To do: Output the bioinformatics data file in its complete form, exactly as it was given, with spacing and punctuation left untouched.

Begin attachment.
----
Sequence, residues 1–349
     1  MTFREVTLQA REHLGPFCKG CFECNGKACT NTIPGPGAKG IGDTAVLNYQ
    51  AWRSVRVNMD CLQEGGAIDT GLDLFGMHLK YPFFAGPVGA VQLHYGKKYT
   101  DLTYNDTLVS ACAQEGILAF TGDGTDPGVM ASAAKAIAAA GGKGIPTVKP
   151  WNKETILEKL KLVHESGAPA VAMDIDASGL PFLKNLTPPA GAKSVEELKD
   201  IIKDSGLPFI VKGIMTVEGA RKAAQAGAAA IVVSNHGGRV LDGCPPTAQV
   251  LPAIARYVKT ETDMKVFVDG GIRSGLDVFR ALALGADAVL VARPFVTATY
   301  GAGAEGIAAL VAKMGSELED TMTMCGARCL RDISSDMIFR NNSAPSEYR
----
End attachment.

Sequence, residues 1–349
     1  MTFREVTLQA REHLGPFCKG CFECNGKACT NTIPGPGAKG IGDTAVLNYQ
    51  AWRSVRVNMD CLQEGGAIDT GLDLFGMHLK YPFFAGPVGA VQLHYGKKYT
   101  DLTYNDTLVS ACAQEGILAF TGDGTDPGVM ASAAKAIAAA GGKGIPTVKP
   151  WNKETILEKL KLVHESGAPA VAMDIDASGL PFLKNLTPPA GAKSVEELKD
   201  IIKDSGLPFI VKGIMTVEGA RKAAQAGAAA IVVSNHGGRV LDGCPPTAQV
   251  LPAIARYVKT ETDMKVFVDG GIRSGLDVFR ALALGADAVL VARPFVTATY
   301  GAGAEGIAAL VAKMGSELED TMTMCGARCL RDISSDMIFR NNSAPSEYR